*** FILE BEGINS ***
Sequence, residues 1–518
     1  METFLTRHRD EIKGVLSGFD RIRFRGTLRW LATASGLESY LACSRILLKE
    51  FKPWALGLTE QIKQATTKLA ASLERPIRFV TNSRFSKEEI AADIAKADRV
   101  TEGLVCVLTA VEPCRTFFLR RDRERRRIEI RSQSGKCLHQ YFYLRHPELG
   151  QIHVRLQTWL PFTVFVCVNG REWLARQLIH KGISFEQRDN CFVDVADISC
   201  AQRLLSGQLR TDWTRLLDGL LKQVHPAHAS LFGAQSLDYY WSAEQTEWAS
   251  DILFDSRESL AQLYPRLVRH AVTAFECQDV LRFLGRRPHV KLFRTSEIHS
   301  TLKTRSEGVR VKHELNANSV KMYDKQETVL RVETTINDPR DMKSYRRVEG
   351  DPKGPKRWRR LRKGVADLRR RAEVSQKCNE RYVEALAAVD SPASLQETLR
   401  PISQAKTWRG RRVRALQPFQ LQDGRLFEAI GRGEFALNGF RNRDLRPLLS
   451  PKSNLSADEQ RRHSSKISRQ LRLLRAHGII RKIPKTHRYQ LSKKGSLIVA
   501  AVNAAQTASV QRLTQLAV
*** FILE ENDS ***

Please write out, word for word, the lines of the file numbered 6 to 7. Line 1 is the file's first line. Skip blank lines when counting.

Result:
   201  AQRLLSGQLR TDWTRLLDGL LKQVHPAHAS LFGAQSLDYY WSAEQTEWAS
   251  DILFDSRESL AQLYPRLVRH AVTAFECQDV LRFLGRRPHV KLFRTSEIHS